The last element of the Unified Measurement Framework, and the focal point of this article, is Experiments. Experiments are a very valuable tool as they allow businesses to determine the incremental impact of specific marketing activities. As mentioned previously, media platforms tend to under- or overestimate media performance – thus, experiments can be used to measure the true causal effect of marketing campaigns or media channels.
There are different types of experiments, Brand Lift, Conversion Lift, A/B tests, and geographical experiments – for now, we will focus on geographical experiments.
What is a Geographical Experiment?
A geographical experiment is a methodology that aims to quantify the causal impact of marketing tactics and ascertain if they are generating additional value or whether the result would have been the same independent of the tactic. In these experiments, a target market is split into two groups: a test group and a control group, both of which historically have displayed a similar trend in the KPI being tracked. When all other criteria are the same across the two groups, the test group is subjected to a change in the marketing tactic while the control group is not. After the experiment is complete, the relative difference between the two groups is analyzed to determine the marketing tactic’s incremental effect.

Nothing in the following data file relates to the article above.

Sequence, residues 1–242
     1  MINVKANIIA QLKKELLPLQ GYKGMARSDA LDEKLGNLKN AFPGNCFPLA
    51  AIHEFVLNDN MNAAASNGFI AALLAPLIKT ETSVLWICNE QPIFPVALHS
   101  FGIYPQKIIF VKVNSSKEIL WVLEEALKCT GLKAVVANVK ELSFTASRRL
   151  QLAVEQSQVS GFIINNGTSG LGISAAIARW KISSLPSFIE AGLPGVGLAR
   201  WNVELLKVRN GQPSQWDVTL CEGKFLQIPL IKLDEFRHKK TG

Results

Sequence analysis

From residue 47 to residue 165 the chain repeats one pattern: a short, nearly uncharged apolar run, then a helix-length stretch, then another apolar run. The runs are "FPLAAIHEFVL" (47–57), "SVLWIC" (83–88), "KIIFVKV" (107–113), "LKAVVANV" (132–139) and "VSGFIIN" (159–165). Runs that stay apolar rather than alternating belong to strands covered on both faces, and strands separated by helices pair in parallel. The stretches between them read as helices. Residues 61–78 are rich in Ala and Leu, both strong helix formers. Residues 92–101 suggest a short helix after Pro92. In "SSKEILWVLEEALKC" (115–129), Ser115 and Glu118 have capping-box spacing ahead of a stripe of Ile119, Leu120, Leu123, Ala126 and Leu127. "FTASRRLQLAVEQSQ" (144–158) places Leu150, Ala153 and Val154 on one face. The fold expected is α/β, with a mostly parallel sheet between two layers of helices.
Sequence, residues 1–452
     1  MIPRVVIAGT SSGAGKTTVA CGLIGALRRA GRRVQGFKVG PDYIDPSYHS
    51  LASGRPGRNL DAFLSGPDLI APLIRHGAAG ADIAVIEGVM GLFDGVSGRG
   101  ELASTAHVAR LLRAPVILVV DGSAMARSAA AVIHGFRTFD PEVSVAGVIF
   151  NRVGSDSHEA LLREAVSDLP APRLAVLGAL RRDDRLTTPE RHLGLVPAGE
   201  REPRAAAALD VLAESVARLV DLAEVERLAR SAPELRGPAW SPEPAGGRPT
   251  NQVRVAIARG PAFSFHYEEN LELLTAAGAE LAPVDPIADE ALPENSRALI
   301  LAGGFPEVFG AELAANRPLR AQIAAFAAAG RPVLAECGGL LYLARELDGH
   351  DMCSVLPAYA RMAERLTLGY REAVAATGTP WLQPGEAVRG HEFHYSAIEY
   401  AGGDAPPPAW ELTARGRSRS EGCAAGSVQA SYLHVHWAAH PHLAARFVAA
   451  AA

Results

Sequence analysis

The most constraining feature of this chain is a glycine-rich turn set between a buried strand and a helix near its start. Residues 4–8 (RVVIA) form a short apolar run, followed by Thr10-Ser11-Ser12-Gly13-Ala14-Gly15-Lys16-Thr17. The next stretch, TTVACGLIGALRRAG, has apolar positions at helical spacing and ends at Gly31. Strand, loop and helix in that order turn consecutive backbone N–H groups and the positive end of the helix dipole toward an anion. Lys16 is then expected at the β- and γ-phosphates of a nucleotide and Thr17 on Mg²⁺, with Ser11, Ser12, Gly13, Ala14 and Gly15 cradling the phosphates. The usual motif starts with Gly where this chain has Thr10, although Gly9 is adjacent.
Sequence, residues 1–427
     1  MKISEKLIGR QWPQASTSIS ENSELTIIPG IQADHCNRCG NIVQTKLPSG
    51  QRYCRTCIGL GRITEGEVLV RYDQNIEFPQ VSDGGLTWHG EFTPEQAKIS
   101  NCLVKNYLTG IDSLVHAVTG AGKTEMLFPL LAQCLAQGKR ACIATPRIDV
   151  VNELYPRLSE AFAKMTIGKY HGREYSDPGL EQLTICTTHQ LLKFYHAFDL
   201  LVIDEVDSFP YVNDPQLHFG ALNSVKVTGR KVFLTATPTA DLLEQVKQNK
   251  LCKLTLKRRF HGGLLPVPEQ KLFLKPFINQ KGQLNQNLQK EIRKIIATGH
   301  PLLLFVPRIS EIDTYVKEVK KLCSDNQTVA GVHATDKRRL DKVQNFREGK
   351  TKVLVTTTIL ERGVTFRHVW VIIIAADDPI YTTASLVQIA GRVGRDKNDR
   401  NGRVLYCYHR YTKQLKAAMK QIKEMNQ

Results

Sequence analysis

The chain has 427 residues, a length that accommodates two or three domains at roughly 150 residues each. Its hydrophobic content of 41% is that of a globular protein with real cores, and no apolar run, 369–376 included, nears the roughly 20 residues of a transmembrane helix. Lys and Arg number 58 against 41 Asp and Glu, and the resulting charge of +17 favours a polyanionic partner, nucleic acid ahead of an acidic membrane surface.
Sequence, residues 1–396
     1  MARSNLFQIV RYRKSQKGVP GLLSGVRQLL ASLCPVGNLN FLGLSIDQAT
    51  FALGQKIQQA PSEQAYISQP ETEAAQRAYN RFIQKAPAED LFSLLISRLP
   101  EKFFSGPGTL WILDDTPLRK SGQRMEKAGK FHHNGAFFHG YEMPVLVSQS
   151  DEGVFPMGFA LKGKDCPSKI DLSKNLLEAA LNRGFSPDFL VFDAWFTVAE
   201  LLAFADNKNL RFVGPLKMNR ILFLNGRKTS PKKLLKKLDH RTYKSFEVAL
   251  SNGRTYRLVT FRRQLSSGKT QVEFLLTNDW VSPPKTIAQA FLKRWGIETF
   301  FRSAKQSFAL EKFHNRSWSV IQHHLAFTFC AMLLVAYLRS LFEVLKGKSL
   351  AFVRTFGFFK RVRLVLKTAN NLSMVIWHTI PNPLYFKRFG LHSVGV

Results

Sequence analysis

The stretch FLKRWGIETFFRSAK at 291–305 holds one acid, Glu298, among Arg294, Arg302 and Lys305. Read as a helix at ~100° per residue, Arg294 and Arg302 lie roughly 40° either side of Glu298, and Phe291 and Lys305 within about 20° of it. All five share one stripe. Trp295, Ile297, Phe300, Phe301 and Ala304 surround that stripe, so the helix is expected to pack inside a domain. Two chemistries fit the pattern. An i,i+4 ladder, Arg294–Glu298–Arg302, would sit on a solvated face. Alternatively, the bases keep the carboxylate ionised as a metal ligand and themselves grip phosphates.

How can geographical experiments help businesses make better marketing decisions?
Media platforms traditionally rely on last-click heavy attribution, which assigns 100% of the conversion value to the last interaction a customer had with a marketing channel before converting. The performance of various media channels is typically under- or overestimated by media platforms since they rely solely on last-click attribution.
Here, going back to the example in figure 1, experiments can be utilized to determine the true incremental value of Snapchat and paid search. In this very simplified example, it is assumed that the businesses only have Snapchat and paid search in their media mix[VF1] [DA2] . To estimate the incremental value of each media channel, the advertiser conducts two experiments – one where Snapchat is disabled in the test group, while remaining active in the control group, and one where paid search is disabled in the test group while remaining active in the control group.